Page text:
The following items are selected from archived issues of the Cloverdale Reveille.
November 27, 1909 – 110 years ago
A wild man is said to have taken up his habitat in the mountains near Hopland. Although a posse has been after him several times, so far he has eluded capture. A cave at Squaw Rock, where he is said to live, is reported to contain a great deal of plunder, which he has taken from different farm houses nearby. He is described as being an Italian about 35 years of age with whiskers all over his face and his hair hangs down his back about seven inches. It is said that at the cave there are several passageways leading in different directions, and in all probability plunder is scattered throughout these.
November 13, 1969 – 50 years ago
Visit Squaw Valley. A sweeping view of the high Sierra from one of its highest peaks is an experience that has been usually reserved for the heartiest of hikers and for skiers. However, there is an easy way to enjoy this breathtaking view of the high country – take a ride on the Squaw Valley cable car. The new cable car operates every day during the warmer months and provides a memorable sightseeing trip for tourists and non-skiers. The cable car is a large glass-enclosed vehicle which takes off from the 6,000 foot elevation at Squaw Valley and climbs to 8,100 feet in about 10 minutes.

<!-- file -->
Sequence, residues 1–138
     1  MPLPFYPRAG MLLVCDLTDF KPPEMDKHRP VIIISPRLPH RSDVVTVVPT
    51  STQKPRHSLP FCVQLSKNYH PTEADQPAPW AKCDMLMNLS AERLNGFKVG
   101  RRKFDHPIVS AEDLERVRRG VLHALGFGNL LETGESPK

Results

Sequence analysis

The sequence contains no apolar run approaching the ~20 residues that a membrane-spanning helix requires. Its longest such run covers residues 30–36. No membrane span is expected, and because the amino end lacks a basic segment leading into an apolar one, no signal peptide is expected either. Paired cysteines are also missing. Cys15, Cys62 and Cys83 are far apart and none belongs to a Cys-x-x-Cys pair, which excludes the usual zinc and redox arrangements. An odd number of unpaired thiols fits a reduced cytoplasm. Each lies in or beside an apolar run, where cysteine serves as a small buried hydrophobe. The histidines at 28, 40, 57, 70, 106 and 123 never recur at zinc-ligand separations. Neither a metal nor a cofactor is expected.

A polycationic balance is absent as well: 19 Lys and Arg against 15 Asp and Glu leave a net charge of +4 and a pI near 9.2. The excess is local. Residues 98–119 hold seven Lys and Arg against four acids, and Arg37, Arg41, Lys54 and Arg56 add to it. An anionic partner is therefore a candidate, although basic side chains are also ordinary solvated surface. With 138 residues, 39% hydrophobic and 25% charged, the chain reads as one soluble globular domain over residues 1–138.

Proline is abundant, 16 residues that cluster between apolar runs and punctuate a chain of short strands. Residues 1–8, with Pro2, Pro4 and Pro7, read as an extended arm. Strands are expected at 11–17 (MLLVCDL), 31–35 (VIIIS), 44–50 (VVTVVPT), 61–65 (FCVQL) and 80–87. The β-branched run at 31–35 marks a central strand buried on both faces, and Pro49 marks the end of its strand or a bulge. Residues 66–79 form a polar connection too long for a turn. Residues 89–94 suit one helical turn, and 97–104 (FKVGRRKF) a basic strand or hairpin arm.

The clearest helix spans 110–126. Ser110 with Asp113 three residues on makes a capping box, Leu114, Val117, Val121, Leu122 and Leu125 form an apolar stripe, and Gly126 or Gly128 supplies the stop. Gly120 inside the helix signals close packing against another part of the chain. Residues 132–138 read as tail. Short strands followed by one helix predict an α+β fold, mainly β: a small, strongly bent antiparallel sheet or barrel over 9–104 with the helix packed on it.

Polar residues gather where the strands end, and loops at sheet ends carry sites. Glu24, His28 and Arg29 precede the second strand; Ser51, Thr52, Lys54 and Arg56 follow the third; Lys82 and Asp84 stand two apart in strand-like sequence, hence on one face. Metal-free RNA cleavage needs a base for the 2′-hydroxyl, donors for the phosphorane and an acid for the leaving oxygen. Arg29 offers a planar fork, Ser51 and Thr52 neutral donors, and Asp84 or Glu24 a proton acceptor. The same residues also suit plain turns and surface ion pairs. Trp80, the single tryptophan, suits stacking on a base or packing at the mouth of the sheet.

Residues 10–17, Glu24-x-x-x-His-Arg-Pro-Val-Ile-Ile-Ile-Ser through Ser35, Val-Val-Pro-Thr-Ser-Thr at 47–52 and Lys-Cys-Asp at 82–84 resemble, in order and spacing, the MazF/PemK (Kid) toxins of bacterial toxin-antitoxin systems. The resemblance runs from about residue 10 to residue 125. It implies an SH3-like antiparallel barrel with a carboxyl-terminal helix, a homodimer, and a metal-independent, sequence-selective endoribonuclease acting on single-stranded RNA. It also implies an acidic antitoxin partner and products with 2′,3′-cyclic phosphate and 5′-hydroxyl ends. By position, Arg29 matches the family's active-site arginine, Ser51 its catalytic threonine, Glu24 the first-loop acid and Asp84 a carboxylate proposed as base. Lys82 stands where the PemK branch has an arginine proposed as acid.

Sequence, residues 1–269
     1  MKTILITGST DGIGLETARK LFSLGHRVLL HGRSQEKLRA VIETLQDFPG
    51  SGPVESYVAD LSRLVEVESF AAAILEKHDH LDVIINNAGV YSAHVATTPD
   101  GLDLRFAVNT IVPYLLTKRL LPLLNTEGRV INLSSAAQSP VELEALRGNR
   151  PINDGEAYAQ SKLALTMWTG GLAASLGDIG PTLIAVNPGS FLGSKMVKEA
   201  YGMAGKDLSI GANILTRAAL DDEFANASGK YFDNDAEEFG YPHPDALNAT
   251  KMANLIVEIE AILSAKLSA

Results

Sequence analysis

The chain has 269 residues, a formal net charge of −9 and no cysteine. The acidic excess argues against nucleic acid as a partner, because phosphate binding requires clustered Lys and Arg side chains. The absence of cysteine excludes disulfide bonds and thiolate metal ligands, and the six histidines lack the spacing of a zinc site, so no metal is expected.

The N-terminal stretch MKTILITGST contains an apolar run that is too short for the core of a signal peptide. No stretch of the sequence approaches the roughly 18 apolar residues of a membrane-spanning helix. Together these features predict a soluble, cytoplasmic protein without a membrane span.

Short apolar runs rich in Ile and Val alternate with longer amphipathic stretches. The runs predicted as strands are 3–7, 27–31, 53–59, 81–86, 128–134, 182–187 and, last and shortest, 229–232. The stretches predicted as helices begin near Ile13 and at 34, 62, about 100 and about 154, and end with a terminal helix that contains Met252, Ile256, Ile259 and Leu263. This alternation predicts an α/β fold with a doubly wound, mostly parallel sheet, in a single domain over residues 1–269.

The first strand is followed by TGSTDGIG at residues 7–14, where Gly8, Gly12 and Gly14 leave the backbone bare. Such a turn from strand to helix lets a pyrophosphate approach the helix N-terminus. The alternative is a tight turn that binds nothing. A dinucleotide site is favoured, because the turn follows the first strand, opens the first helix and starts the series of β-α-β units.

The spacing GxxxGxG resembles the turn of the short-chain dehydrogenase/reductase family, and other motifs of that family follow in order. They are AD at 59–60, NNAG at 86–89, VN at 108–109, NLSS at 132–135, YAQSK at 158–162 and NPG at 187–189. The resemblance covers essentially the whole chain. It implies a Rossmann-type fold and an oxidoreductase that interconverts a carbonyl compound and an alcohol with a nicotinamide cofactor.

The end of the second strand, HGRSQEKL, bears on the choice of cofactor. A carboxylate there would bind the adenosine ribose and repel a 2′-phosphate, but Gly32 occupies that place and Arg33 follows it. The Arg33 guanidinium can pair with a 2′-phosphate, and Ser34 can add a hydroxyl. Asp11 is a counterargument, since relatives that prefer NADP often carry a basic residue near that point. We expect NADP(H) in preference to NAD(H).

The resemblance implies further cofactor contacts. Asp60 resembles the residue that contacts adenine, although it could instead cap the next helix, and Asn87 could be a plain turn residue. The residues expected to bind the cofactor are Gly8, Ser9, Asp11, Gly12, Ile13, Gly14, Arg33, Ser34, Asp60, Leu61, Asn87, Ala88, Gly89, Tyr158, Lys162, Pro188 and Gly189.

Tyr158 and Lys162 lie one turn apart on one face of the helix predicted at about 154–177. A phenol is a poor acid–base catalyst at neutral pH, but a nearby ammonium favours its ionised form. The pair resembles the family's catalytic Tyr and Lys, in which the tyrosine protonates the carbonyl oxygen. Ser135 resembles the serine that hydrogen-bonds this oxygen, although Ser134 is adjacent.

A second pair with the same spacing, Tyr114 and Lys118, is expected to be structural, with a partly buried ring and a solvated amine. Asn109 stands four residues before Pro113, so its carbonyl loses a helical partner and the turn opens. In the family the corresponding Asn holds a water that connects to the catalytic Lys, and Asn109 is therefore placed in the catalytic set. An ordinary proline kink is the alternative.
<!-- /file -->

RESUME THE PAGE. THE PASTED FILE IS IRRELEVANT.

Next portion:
November 16, 1994 – 25 years ago
Negotiations between the city and CalTrans are continuing in an effort to secure the money needed to reconfigure downtown Cloverdale Boulevard in conformance with the Downtown Specific Plan. Once a dollar amount is agreed upon to bring that portion of Cloverdale Boulevard in the Downtown Plan up to standard, the city can begin to lobby its representatives in the Legislature for assistance in getting the priority for this project established for 1995-1996. The proposed improvements that CalTrans is mandated to make before turning the boulevard over to the city could cost some $400,000. The city hopes to have CalTrans cash this project out and allocate the funds to the city so that the work can be done in conformance with the Downtown Plan. If the project is pushed aside for retrofitting it could be delayed from 2 to 3 years beyond 1995-1996 and the completion of the Downtown Plan would be on hold creating more severe economic problems for the city.